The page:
if x < ((pts[j][1] - pts[i][1]) * (y - pts[i][2]) / »
         float(pts[j][2] - pts[i][2])) + pts[i][1] then
        containsP = not containsP
      end if
    end if
    j = i
  end repeat

  return containsP


Whew, that's easier to read, but not by much. The math is still a little tricky. However, for most of these "Graphics Gems" algorithms, it is sufficient to just port the C code, test it and see if it does what it is supposed to do. In this case, it does.


Polycentroid helps you find the center of "mass" of any irregular closed polygon. Generally that means that you will get a point that is inside the polygon, but not always. (Try moving the polygon in the demo movie around to get the centroid to be outside the polygon.) Lingo has native functions and properties to calculate the center of a bounding box (setting the centerRegPoint and checking the regPoint), but again it is rectangle- and single-sprite-based and therefore limited.

For example, in your God-game, if you wanted to keep the captain of a battle group at the center of "mass" of the positions of his soldiers, this algorithm is your solution.

The C Code:

 * ANSI C code from the article
 * "Centroid of a Polygon"
 * by Gerard Bashein and Paul R. Detmer,
    (gb / at /, pdetmer / at /
 * in "Graphics Gems IV", Academic Press, 1994

int polyCentroid (double x[], double y[], int n,
         double *xCentroid, double *yCentroid, double *area)
       register int i, j;
       double ai, atmp = 0, xtmp = 0, ytmp = 0;
       if (n < 3) return 1;
       for (i = n-1, j = 0; j < n; i = j, j++)
        ai = x[i] * y[j] - x[j] * y[i];
        atmp += ai;
        xtmp += (x[j] + x[i]) * ai;
        ytmp += (y[j] + y[i]) * ai;
      *area = atmp / 2;
      if (atmp != 0)
        *xCentroid = xtmp / (3 * atmp);
        *yCentroid = ytmp / (3 * atmp);
        return 0;
      return 2;

A few new C syntax things to learn:

The Lingo translation:

on polyCentroid pts

  n = pts.count()
  if (n < 3) then return 1

  atmp = 0
  xtmp = 0
  ytmp = 0
  i = n

  repeat with j = 1 to n

    ai = pts[i][1] * pts[j][2] - pts[j][1] * pts[i][2]
    atmp = ai + atmp
    xtmp = ((pts[j][1] + pts[i][1]) * ai) + xtmp
    ytmp = ((pts[j][2] + pts[i][2]) * ai) + ytmp
    i = j
  end repeat

  area = atmp / 2
  if (atmp <> 0) then
    xCentroid = xtmp / (3 * atmp)
    yCentroid = ytmp / (3 * atmp)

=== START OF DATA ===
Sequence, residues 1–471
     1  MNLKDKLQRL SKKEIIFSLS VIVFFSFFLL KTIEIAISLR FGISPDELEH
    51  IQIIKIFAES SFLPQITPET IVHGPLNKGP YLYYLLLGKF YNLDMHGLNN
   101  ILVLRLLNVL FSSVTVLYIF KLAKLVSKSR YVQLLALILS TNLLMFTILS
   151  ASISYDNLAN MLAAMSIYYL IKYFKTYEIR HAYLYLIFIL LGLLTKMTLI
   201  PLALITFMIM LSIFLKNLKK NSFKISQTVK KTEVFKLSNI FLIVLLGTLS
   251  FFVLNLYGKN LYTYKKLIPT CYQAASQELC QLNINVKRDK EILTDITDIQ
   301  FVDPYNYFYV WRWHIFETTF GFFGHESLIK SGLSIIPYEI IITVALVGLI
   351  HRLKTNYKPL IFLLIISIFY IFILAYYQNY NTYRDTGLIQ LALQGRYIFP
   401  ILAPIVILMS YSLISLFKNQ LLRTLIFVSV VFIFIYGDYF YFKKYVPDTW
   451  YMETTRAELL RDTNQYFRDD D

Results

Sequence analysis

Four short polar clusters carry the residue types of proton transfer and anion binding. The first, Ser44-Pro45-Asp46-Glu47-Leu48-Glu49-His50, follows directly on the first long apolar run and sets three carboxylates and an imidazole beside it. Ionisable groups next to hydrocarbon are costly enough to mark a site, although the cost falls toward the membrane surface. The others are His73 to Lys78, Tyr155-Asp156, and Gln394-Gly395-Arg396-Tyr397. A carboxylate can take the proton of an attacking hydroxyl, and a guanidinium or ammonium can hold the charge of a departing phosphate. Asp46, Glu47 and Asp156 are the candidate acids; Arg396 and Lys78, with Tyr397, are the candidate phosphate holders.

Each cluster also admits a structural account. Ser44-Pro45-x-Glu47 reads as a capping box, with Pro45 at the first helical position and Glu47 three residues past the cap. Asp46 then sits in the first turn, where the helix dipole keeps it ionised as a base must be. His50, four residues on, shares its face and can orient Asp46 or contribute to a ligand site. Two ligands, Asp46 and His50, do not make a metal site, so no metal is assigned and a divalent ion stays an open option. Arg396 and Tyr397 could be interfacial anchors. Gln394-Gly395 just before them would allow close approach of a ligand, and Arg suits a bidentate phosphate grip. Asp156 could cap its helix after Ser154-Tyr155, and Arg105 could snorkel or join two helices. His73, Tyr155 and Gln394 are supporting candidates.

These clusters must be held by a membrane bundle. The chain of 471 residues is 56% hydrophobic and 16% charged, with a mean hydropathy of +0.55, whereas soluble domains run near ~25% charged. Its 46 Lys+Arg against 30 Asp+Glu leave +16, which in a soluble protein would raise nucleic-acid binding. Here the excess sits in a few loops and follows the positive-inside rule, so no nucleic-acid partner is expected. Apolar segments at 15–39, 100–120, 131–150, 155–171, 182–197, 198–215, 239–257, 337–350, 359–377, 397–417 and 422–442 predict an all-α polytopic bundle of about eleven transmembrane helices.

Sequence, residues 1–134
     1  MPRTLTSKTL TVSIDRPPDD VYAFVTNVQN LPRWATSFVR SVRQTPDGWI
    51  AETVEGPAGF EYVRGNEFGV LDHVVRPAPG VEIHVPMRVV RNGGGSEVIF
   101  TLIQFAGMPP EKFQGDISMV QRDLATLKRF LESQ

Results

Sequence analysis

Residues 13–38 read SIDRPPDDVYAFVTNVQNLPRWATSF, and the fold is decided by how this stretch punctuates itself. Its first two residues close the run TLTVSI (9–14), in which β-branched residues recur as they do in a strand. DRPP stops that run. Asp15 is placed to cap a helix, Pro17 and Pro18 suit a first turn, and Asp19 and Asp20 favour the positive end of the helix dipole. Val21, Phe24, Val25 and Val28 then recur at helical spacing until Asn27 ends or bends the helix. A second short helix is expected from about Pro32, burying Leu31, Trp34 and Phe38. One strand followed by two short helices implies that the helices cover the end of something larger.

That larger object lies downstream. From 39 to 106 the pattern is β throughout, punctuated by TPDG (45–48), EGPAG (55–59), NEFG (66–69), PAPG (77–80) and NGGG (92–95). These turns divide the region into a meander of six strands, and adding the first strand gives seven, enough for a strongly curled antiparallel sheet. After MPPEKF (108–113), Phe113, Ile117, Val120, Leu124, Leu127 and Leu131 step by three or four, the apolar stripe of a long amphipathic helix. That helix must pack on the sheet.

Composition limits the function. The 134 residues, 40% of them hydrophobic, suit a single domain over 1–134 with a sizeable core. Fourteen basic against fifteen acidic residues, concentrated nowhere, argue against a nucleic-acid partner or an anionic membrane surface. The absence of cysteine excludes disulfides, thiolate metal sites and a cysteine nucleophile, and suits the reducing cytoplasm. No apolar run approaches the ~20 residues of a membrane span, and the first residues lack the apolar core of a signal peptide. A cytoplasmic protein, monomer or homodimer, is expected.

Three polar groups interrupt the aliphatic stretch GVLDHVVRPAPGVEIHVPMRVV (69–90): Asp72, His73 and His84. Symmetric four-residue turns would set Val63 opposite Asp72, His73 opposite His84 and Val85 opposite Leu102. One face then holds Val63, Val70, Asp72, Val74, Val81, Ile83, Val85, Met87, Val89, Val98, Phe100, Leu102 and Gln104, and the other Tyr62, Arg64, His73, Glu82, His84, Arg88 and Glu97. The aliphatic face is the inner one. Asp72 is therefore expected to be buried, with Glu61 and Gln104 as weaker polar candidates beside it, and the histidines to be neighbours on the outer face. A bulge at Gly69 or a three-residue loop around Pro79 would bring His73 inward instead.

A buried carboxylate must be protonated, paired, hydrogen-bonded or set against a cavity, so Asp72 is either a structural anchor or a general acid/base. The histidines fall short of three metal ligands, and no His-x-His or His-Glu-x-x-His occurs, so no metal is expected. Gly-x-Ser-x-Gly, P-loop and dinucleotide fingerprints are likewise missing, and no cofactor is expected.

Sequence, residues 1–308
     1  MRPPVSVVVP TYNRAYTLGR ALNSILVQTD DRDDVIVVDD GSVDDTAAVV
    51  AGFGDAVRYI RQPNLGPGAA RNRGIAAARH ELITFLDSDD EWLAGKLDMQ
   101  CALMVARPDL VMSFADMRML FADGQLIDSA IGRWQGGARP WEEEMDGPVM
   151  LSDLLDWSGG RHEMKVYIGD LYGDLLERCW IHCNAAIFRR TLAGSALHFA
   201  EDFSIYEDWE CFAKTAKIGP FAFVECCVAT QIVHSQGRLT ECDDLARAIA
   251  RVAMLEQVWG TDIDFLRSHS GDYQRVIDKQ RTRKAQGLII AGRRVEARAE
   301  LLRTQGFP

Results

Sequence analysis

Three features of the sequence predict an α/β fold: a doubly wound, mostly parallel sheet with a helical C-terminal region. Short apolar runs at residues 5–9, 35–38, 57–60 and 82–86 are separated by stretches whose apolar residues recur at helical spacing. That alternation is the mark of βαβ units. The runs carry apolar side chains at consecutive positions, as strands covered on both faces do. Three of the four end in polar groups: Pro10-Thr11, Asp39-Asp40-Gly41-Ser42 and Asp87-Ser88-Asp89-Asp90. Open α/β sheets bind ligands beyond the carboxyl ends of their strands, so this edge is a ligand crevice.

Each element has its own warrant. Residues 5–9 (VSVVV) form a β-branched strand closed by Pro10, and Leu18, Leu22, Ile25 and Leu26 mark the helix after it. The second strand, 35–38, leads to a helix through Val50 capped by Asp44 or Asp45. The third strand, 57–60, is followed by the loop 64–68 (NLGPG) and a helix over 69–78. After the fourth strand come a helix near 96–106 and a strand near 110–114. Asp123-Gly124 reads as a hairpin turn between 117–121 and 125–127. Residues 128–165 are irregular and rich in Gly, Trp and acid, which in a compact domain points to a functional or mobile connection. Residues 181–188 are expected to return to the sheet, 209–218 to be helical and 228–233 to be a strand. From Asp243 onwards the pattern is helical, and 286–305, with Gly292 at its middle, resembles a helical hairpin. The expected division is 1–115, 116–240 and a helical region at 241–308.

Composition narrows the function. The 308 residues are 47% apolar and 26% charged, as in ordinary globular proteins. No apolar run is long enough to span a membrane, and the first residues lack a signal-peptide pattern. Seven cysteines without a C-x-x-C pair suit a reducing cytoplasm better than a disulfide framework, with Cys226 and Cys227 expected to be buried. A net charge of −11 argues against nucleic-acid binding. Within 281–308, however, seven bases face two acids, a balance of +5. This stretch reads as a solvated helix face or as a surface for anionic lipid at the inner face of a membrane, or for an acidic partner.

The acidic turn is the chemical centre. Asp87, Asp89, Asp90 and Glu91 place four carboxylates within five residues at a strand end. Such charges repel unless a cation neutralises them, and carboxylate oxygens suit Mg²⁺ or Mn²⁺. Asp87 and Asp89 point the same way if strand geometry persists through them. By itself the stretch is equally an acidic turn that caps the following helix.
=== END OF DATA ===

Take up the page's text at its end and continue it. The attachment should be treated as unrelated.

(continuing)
return [xCentroid, yCentroid, area]
    return 2
  end if


This gem is based on the idea of breaking polygons down into triangles. The triangles's centroids are computed, then the areas of those triangles are used to determine how much "weight" to give them in their averaging. This average centroid is the centroid of the irregular polygon.


There is no native Lingo that even comes close to doing this. I have used this code on one occasion, perhaps you can think of other applications. My application was to determine whether data points from a mouse were sketching out a circle and to determine where that circle's center was. By using this algorithm multiple times on the continuously sampled data points, I was able to "smooth out" the "circle" and determine its radius and center point.

The code:

 * Let the three given points be a, b, c. Use _0 and _1 to represent
 *x and y coordinates. The coordinates of the center p=(p_0,p_1) of
 * the circle determined by a, b, and c are:

A = b_0 - a_0;
B = b_1 - a_1;
C = c_0 - a_0;
D = c_1 - a_1;

E = A* (a_0 + b_0) + B * (a_1 + b_1);
F = C* (a_0 + c_0) + D * (a_1 + c_1);

G = 2.0 * (A* (c_1 - b_1) - B * (c_0 - b_0));

p_0 = (D * E - B * F) / G;
p_1 = (A * F - C * E) / G;

 * If G is zero then the three points are collinear and no finite-radius
 * circle through them exists. Otherwise, the radius of the circle is:

r^2 = (a_0 - p_0)^2 + (a_1 - p_1)^2

This isn't really C code, but it is certainly translatable -- I pretty much copied and pasted and it worked after a few tweaks. Mining gems can be so easy!

The Lingo translation:

on getCircleCenterFromThreePoints a_0, a_1, b_0, b_1, c_0, c_1

  A = b_0 - a_0
  B = b_1 - a_1
  C = c_0 - a_0
  D = c_1 - a_1
  E = A * (a_0 + b_0) + B * (a_1 + b_1)
  F = C * (a_0 + c_0) + D * (a_1 + c_1)
  G = 2.0 * (A * (c_1 - b_1) - B * (c_0 - b_0))

  if G = 0 then G = 0.0001 --hack to avoid divide by zero
  p_0 = (D * E - B * F) / G
  p_1 = (A * F - C * E) / G

  return [point (p_0, p_1), sqrt (((a_0 - p_0) * (a_0 - p_0)) + ((a_1 - p_1) * (a_1 - p_1)))]


Don't be afraid to venture beyond the usual Lingo haunts, there are gems out there in the C and C++ worlds, go and get 'em and bring them back for other Lingo programmers to use!

Happy mining!

Daniel Cummings is the founder and Chief Technologist at Polysense -- a media research and prototyping design firm in San Francisco -- where he investigates Augmented Reality and Polysensory media. Polysense provides device consulting and prototyping services to the technology industry.